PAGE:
Nurse Practitioner Residency Programs and Fellowships

Nurse practitioner residency and fellowship programs are post-graduate jobs that are specially designed to offer additional training in a specialty or sub-specialty area of advanced practice nursing. They ease the transition to regular APRN positions or offer additional specialty expertise to hone your skills in particular focus areas.

 

Nurse and patient in Nurse practitioner residency program setting

Advance practice nursing is a tough job and it takes intensive study to get ready for it. You had to earn a master of science in nursing or even a doctor of nursing practice to qualify for licensure and board certification, but honestly that was just the start.

There’s just so much real-world knowledge needed in this job that it can be overwhelming to make the jump from academics to real-world practice. And there’s even more of a gap between general practice and the kind of advanced specialty work that goes into becoming an oncology nurse practitioner, for example, or working in other similarly specialized roles.

Filling those gaps are what advance practice residency and fellowship positions are designed for.


What is The Difference Between Fellowship and Residency Programs?

Nurse Practitioner Residency Programs and Transition to Practice

Advanced Practice Nursing Residency and Fellowships by Specialization and State for 2021

Pediatric Nurse Practitioner Residency and Fellowship Programs

Cardiology Nurse Practitioner Fellowship Programs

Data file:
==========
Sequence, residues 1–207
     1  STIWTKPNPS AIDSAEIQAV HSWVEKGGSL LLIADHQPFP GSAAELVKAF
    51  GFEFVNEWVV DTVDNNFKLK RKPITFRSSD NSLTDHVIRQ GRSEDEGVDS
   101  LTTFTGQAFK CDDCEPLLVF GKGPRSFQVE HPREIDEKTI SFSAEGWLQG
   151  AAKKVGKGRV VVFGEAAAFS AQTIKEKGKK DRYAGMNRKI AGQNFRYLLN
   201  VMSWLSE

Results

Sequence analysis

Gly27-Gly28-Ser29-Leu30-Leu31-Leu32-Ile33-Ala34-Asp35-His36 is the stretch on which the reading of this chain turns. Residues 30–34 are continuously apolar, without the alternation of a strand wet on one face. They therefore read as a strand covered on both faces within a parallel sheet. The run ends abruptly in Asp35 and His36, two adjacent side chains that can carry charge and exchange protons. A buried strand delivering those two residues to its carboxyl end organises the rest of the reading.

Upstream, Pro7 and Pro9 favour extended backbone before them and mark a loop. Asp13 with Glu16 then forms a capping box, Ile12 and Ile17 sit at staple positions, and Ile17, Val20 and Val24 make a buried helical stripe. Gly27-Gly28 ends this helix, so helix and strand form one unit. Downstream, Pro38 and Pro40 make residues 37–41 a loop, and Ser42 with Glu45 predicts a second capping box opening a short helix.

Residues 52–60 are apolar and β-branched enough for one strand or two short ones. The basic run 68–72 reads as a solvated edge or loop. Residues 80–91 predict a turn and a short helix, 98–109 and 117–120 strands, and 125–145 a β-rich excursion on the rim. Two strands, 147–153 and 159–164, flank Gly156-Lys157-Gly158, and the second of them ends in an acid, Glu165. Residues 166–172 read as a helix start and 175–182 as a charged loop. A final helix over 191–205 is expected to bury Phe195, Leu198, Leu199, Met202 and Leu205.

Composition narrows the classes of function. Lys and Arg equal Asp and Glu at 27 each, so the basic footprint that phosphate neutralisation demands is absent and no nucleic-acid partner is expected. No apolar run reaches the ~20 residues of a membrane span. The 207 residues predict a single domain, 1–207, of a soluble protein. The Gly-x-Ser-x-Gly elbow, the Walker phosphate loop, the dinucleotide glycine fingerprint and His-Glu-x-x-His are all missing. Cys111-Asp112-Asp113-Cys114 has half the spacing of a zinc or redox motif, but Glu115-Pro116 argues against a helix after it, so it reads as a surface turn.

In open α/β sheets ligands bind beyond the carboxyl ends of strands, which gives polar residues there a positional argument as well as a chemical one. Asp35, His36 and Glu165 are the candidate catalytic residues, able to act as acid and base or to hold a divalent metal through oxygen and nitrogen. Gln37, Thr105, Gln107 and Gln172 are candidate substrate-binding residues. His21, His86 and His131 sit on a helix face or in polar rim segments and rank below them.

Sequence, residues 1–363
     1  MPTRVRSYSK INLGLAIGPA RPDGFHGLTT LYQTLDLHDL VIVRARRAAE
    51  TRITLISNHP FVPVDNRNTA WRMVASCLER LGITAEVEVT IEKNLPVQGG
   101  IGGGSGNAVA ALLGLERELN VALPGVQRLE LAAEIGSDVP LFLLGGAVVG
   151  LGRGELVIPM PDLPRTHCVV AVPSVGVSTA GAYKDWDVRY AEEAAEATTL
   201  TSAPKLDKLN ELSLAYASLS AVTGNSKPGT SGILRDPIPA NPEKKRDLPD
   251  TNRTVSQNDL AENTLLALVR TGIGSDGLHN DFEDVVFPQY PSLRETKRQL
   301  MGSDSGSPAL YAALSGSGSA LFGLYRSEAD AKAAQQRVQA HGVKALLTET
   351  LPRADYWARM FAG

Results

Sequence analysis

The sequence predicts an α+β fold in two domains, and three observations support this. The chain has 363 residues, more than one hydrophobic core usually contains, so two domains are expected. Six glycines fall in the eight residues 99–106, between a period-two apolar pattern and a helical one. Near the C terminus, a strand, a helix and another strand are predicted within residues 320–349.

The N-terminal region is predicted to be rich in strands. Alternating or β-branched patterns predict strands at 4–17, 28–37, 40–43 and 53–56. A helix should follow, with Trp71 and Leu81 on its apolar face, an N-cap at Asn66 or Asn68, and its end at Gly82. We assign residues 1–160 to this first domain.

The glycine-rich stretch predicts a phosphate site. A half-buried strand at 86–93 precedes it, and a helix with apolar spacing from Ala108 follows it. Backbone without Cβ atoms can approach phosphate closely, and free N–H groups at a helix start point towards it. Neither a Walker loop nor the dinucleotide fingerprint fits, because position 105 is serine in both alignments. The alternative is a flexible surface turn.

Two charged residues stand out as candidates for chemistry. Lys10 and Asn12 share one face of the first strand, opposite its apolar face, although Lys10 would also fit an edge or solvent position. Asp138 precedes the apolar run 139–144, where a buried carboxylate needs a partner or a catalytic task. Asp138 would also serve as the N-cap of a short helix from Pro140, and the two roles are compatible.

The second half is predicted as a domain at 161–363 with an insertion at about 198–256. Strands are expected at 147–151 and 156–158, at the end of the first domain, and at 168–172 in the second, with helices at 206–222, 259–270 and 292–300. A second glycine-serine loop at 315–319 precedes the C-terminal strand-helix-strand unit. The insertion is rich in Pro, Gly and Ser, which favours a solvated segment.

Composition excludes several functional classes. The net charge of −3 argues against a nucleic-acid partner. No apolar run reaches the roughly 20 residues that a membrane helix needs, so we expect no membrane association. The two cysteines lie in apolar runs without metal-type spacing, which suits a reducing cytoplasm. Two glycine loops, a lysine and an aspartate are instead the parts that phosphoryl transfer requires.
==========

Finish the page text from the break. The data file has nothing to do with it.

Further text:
Family Nurse Practitioner Residency and Fellowship Programs

Acute Care Nurse Practitioner Fellowship Programs

Surgical and Critical Care Nurse Practitioner Fellowship Programs

Women’s Health Nurse Practitioner Fellowship Programs

Psychiatric/Mental Health Nurse Practitioner Residency and Fellowship Programs

Palliative Care and Oncology Nurse Practitioner Fellowship Programs

Orthopedics Nurse Practitioner Fellowship Programs

Neurology Nurse Practitioners Fellowship and Residency Programs

Other Nurse Practitioner Specialty Fellowship and Residency Programs


In a world where nurse practitioners are increasingly being called on to cover for physician shortages, residencies and fellowships are becoming more and more important to fill in the skills gap between the two professions. The typical physician comes out the other side of medical training with more than 15,000 hours of clinical experience. A typical NP may only have one-tenth of that when they are dropped into their first job.

Residencies and fellowships are real jobs with real pay and benefits for Advanced Practice Registered Nurses (APRN), but they only last about a year.

During that year, though, you get the kind of real-world, hands-on training that builds both your confidence and your expertise in your chose APRN specialty.

Even assuming the best nursing education in the world, those hours matter in developing clinical expertise. Fellowships and residencies help fill that gap for nurse practitioners and for the healthcare community.

What is The Difference Between Fellowship and Residency Programs?

It’s easier to understand these terms if you understand where they come from. Being familiar with the medical model of training, the people who developed APRN training consciously or sub-consciously borrowed terminology from the world of physician education.

There, doctors are all required to complete residencies immediately after their graduation from medical school, almost always in their field of specialization. A fellowship is an optional follow-on to residency, one that offers even deeper specialization in their field of practice. For example, a doctor might do their residency in internal medicine. Then, optionally, they could take on a fellowship in hematology, specializing in blood-borne diseases and treatments. Both residencies and fellowships are training positions, not permanent postings.

In nursing, the same general pattern applies.

A residency is a short-term educational position in a nursing specialty area, such as primary care or family practice… A fellowship is also a temporary position, but one drilling down into more specialized topics like oncology or emergency medicine.